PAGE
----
SDVE: S&W’s Hidden Gem
Aside from its predecessor, the oft maligned Sigma, few pistols in the enormous Smith & Wesson catalog are so looked down upon as the SDVE series. Thanks mostly, if not entirely, to its trigger.
Designed with a fire control system meant to be transitional from the long rolling pull of a double-action-only service revolver to something shorter, the SDVE’s trigger seems more akin to that of a wheelgun than what has come to be expected in today’s modern striker-fired pistol. And it’s that heavy, long pull that most shooters cite as the pistol’s primary weakness.
Unfortunately for the SDVE, shooter aversion to the trigger ends up painting that entire model as a less than desirable pistol. An overall negative perception likely reinforced by Smith & Wesson’s extremely affordable $389 suggested retail price point. Because let’s face it, anything that cheaply priced can’t be good, right?
In reality, the SDVE is a very solid and solidly built pistol. And while the M&P, with all its variants, and the M&P Shield, with its monster sales, garner all the gun magazine attention, the SDVE rightfully deserves a spot on the list of top blasters from Smith & Wesson.
It also deserves a spot on any shooter’s “Guns I Haven’t Considered, But Should” list. And here’s what you need to factor in when considering the SDVE.
Despite its bargain status, which might suggest the exact opposite, the SDVE is actually a quality built pistol. It’s both durable and remarkably reliable which has a lot to do with how well it’s manufactured. The SDVE is boring in its consistency of performance and, with the exception of its trigger, has legit curb appeal in the retail display case.
The SDVE is the “King of the No Frills Pistols.” It is essentially just one pistol model offered in either 9mm or 40S&W. The other models you find listed are just state compliant variations of the one pistol. There are no color options beyond the two-tone look. No differing grip texture or frame color options. And it was never going to be a candidate for some signature model or Performance Center roll out. Can you imagine a Jerry Miculek version? No, and neither can Smith & Wesson.
The design itself is equally simplistic, and that again is where the SDVE shines. For the first time gun owner or those fearful of an overly complex assembly/disassembly process, the SDVE is the ideal pistol. It’s a well engineered pistol that avoided falling into the trap of becoming an over-engineered pistol. There are plenty of those out there, and for far more than the SDVE’s $389 MSRP.
Thanks to the simplistic design and the overall quality of the manufactured pistol, the SDVE is actually one of the standout work horses of the Smith & Wesson pistol line. This gun just goes and goes. For all its perceived shortcomings, the SDVE flat-out works. Just ask any SDVE owner.
What most people miss when shooting the SDVE is the pistol’s inherent accuracy. For those lost on the weight and length of pull of the trigger, it’s easy to miss how accurate the gun is. With its mere 4.00” barrel, the SDVE can shoot circles around the M&P, particularly in 9mm where the lack of dwell time and resulting early unlocking has plagued Smith & Wesson flagship pistol.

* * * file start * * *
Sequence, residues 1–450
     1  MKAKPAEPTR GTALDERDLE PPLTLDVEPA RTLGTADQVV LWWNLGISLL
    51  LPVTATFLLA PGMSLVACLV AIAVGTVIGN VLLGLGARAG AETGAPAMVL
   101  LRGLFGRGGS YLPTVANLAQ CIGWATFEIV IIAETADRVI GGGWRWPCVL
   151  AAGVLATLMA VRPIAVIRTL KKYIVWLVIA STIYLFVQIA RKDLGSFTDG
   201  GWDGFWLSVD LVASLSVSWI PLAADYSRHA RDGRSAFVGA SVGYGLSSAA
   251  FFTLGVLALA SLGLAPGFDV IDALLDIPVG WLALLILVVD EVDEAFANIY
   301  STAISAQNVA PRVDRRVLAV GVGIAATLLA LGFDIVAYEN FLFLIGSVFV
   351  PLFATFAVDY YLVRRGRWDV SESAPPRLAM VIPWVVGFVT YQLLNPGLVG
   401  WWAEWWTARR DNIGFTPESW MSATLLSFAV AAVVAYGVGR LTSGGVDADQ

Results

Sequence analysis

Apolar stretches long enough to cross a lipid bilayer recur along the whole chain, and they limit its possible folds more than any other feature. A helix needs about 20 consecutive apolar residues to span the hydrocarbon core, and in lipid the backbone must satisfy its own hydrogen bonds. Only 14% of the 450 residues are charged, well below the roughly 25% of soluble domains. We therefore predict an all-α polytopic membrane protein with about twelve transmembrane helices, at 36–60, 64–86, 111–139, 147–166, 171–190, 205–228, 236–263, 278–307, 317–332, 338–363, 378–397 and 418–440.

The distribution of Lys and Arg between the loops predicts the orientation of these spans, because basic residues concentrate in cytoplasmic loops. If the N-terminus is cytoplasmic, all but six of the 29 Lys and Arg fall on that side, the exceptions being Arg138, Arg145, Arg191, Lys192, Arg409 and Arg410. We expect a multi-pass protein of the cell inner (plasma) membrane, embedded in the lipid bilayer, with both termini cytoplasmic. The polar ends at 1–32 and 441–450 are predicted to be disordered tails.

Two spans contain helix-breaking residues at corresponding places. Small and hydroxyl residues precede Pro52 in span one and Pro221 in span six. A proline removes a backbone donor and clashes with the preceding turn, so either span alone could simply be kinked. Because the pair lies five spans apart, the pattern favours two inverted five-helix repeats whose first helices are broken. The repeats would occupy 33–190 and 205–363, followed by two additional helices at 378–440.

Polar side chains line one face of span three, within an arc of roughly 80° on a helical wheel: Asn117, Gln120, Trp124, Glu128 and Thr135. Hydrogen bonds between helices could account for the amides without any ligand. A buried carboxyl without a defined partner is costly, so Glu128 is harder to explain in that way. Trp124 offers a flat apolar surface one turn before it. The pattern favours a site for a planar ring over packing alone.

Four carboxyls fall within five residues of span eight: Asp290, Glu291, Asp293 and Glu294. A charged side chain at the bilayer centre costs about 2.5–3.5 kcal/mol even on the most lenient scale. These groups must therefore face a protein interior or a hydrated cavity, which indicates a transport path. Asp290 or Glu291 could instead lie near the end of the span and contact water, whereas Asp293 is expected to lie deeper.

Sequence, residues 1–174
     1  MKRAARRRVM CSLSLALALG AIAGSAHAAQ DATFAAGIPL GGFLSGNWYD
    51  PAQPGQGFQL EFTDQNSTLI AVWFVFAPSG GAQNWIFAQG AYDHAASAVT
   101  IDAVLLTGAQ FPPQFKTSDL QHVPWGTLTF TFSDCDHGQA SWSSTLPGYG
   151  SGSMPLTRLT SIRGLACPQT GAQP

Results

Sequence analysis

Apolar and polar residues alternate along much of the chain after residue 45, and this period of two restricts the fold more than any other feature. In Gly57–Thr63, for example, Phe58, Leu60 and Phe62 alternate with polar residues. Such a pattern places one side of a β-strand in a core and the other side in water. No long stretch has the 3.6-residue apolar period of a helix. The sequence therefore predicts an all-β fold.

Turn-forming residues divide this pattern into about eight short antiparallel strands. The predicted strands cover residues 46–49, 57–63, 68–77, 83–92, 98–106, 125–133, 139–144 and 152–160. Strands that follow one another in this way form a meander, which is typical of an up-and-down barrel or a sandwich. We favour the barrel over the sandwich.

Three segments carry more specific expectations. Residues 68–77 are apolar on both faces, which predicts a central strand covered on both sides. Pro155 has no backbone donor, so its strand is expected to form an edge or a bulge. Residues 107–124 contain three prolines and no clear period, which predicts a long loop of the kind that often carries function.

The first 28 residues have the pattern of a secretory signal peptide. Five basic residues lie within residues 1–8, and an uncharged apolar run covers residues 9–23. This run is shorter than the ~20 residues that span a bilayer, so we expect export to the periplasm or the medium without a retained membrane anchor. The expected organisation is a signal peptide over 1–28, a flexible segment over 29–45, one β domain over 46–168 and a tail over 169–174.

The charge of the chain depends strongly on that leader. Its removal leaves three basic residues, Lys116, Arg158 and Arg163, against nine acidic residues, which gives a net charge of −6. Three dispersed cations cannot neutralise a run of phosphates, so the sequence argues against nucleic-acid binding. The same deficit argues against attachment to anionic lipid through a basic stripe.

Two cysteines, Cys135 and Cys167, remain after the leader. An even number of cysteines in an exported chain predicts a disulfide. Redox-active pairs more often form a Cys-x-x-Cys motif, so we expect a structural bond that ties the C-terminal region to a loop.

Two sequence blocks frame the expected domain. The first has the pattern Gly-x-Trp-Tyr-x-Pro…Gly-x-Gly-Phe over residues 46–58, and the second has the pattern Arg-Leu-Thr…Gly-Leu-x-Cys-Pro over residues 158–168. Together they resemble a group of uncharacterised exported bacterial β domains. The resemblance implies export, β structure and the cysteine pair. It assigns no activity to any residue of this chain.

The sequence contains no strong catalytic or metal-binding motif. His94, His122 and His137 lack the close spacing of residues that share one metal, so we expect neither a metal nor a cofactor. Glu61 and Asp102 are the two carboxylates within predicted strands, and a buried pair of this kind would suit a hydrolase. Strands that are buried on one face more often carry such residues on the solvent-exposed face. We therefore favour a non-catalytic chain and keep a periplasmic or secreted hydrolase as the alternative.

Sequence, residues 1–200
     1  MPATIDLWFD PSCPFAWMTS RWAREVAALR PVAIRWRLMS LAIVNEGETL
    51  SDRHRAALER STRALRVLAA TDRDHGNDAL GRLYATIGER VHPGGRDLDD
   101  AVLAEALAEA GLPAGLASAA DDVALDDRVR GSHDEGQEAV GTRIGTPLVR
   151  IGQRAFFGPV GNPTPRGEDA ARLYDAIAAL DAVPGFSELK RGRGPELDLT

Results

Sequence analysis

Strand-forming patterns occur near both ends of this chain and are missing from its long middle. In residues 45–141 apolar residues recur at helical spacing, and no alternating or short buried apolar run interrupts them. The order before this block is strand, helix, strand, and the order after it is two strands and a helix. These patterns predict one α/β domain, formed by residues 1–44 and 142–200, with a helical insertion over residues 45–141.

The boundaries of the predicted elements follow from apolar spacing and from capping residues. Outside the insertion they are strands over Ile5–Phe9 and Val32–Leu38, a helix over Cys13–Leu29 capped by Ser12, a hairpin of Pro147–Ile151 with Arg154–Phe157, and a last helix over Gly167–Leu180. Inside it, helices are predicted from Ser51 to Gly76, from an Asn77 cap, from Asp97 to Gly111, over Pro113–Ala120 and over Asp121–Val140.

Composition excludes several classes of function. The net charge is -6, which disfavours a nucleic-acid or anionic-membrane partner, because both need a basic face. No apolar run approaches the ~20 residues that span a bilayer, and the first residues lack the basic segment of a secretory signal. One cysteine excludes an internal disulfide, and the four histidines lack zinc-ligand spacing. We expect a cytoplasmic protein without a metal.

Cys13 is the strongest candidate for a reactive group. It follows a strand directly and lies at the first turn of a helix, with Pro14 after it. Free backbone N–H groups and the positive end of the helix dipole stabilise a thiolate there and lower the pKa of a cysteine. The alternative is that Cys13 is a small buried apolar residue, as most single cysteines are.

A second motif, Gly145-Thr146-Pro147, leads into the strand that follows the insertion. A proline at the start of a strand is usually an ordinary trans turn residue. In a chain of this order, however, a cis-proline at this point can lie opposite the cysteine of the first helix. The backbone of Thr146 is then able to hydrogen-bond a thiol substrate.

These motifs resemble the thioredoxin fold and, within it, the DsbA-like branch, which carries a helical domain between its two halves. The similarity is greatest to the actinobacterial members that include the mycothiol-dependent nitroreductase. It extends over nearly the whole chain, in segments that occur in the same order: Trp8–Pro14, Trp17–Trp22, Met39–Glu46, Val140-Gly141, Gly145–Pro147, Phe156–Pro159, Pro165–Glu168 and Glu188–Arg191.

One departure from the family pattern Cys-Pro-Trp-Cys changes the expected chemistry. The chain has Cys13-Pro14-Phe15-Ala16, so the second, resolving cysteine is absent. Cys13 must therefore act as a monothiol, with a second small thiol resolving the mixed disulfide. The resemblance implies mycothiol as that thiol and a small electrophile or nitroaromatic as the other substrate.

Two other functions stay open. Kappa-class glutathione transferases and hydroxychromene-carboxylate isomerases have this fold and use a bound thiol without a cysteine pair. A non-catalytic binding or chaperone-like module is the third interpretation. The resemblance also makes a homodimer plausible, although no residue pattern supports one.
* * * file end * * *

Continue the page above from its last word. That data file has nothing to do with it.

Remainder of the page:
With the SDVE, dwell time is not an issue. And when in the hands of a shooter who can manage the long, heavy trigger the SDVE is a tack driver. So much so you could win numerous range bets with it.
Combined, these aspects, along with its extremely affordable price, position the SDVE as an amazingly utilitarian pistol. It can go anywhere, take a beating and keep performing. While no gun that was ever called “utilitarian” was considered sexy, if you look past what the SDVE is not for what it is, you’ll discover the perfect truck gun. Or bedside backup. And for many, the ideal carry option.
As the kids say, “but dat trigger, tho.” Yeah, on a scale of 1 to 10 it falls squarely on “Sucks.” For those wanting every striker-fired trigger to be as crisp and short as that of a 1911 (a good one, anyway), the SDVE’s trigger is horrible. However, it’s unfair to compare the trigger to what it is not, and more importantly to what it was never designed to be. But nonetheless, people do.
Fortunately the pistol’s main and only real weakness which holds it back in any popularity contests, can be overcome. Apex offers both an SD Spring Kit (available here for $20.95) and an SD Action Enhancement Trigger (available here for $39.95). Either one can be installed in order to improve the trigger pull, but combined these two aftermarket options deliver a significant upgrade.
The polymer SD Action Enhancement Trigger replaces the factory hinged trigger and features a center mounted pivoting safety. The smooth face trigger with a solid body produces a more comfortable trigger for the shooter’s finger while reducing pre-travel by 20% and over-travel by 10%. The SD Spring Kit reduces trigger pull weight by approximately 2.0 lbs., helping to smooth the pull while also improving the trigger reset.
These upgrades won’t put the SDVE out ahead of the M&P (an Apex’d one, natch), but they will change your initial opinion of the gun and likely turn it from a gun with a month-to-month lease in your gun safe to one settled in for the long haul.